As I look at the pictures I took both near ground zero and around the city, I am frustrated at how little is visible on them, except perhaps the fact that I was there as a witness, looking and trying to see. The gravity, the loss, the smell of smoke, the energy of the cleanup activity - none of this can be shown. Even now, as the new "viewing platform" makes the site more available, and photography is invited rather than forbidden, less is actually visible, more has been cleared away. Normality, incomprehensibly, is returning. I am conscious of what that policeman was trying to convey - that this is a graveyard, that every particle of dust contains human remains. None of this is even remotely visible in the pictures.
But perhaps the flatness of the images is precisely what we need. The photographs might enable us to look at an indescribable event, to make it manageable, frame it, bring it home, show it to friends, make it small enough to fit into our living rooms or even our pockets. Flattening and miniaturizing death is a coping strategy - we look at the remains of the towers, at the missing people, through the viewfinder rather than straight on. We contain and circumscribe the enormity of the event, but even as we stare at the small, square print, we know that it is only a fragment - and that, in itself, brings us back to all that cannot be contained by the frame.
It is for this reason that the snapshot has provided a metaphor with which to describe the profiles published daily in the Times about the victims of September 11. "Each profile is only a snapshot, a single still frame lifted from the unrecountable complexity of a lived life, and there is a world more to know about each of these victims, as their survivors understand only too well," according to an editorial about the profiles.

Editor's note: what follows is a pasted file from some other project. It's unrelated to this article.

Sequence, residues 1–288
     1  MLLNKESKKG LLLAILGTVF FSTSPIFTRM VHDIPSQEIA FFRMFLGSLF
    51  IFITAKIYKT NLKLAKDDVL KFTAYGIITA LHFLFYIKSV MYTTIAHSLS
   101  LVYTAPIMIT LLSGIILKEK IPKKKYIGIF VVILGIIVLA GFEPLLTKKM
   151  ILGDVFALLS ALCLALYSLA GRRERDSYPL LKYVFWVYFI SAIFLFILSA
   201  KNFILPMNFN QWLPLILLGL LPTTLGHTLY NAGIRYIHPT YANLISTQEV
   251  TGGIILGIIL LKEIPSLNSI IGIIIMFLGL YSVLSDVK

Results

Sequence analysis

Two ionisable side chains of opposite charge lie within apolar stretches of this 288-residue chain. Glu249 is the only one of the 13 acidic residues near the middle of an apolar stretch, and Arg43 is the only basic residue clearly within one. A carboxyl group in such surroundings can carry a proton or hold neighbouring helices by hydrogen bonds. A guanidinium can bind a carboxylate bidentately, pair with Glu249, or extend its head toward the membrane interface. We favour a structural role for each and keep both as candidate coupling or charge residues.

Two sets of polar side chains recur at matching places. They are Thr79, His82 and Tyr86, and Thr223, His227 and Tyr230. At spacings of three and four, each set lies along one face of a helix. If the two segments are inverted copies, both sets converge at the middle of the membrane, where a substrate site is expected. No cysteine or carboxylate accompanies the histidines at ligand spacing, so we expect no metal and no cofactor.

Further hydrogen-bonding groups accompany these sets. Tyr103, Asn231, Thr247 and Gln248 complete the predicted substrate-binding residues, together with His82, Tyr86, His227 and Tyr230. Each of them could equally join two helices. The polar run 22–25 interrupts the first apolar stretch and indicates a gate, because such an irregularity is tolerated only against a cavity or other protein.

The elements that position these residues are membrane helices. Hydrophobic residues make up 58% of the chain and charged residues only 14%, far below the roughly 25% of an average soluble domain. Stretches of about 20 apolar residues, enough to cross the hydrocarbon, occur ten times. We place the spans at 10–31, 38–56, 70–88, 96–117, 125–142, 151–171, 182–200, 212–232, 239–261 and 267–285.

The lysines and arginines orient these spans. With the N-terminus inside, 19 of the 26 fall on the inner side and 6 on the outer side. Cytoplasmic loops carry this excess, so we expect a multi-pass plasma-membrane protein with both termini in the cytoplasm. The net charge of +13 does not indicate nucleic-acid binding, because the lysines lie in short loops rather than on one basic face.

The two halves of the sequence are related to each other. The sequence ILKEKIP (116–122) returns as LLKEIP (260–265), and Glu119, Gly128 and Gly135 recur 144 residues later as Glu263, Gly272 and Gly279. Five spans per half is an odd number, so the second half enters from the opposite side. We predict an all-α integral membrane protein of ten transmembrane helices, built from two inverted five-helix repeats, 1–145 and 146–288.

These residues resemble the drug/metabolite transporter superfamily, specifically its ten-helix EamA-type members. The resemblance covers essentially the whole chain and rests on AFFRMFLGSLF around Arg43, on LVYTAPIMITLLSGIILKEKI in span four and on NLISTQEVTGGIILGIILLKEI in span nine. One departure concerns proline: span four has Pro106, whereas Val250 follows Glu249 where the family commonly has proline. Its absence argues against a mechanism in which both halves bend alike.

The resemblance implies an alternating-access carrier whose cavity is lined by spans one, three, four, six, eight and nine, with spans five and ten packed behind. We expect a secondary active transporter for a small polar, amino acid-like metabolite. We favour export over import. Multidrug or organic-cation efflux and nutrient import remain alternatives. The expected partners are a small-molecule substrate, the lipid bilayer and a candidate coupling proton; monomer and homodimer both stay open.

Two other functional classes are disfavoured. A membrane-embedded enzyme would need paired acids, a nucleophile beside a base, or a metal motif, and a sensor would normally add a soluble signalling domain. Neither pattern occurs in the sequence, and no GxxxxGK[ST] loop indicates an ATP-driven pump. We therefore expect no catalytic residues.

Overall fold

As I took photos around ground zero, I began to realize that it is the absence of the towers that I had been trying to show, and that absence is not easily visualized. But although the towers have physically disappeared, they are actually still present all over the city: Framed black-and-white photographs, postcards, T-shirts, and key chains featuring the towers are available on every street corner. In drawings, poems, and reconstructions, people are evoking presence where there is only absence.
Images printed on paper by way of light are ghosts that haunt; as Barthes insists, the photograph attests to the "having-been-there" of the object before the lens. This is as true for the pictures on the posters of the missing as it is for the pictures of the towers themselves. Art Spiegelman understood this when he created the black-on-black cover for the New Yorker. The towers remain in the form of a picture - a picture sold on the streets, a mental picture we carry. But for those who grew up believing in a bodily link between the photographic image and its object, the towers are materially, hauntingly there. Because of photographs' material connection to the object in front of the lens, because of the process of developing a positive from a negative, and because of their relation to loss and to death, photographs can convey this haunting.
Aesthetic questions and aspirations might well seem frivolous or inappropriate at a time of fear and mourning. On the other hand, aesthetic and ethical questions help us understand how our perceptions are affected and structured by this event. Images that are initially documentary often assume a commemorative or symbolic role. Angel Franco, a photographer for the New York Times, talking about his work on that day, said he quickly realized that September 11 was no longer journalism but history. "These are like the images I grew up watching in television documentaries," he said. For the communications scholar Barbie Zelizer, photos are "markers of both truth-value and symbolism," and thus the images of the attacks have come to signify nothing less than a modern apocalypse.